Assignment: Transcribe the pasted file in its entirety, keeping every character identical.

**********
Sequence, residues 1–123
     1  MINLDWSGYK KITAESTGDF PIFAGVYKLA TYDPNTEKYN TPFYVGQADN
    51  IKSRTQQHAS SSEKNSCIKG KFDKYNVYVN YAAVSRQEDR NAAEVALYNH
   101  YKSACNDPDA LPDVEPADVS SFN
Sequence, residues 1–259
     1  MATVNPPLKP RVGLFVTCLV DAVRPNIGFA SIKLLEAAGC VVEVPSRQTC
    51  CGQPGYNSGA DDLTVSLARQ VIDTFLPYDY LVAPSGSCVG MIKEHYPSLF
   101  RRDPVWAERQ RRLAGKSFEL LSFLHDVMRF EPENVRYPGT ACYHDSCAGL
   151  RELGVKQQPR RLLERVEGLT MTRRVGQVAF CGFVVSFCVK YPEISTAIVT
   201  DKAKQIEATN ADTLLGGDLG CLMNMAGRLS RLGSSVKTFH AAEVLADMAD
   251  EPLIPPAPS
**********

Sequence, residues 1–123
     1  MINLDWSGYK KITAESTGDF PIFAGVYKLA TYDPNTEKYN TPFYVGQADN
    51  IKSRTQQHAS SSEKNSCIKG KFDKYNVYVN YAAVSRQEDR NAAEVALYNH
   101  YKSACNDPDA LPDVEPADVS SFN
Sequence, residues 1–259
     1  MATVNPPLKP RVGLFVTCLV DAVRPNIGFA SIKLLEAAGC VVEVPSRQTC
    51  CGQPGYNSGA DDLTVSLARQ VIDTFLPYDY LVAPSGSCVG MIKEHYPSLF
   101  RRDPVWAERQ RRLAGKSFEL LSFLHDVMRF EPENVRYPGT ACYHDSCAGL
   151  RELGVKQQPR RLLERVEGLT MTRRVGQVAF CGFVVSFCVK YPEISTAIVT
   201  DKAKQIEATN ADTLLGGDLG CLMNMAGRLS RLGSSVKTFH AAEVLADMAD
   251  EPLIPPAPS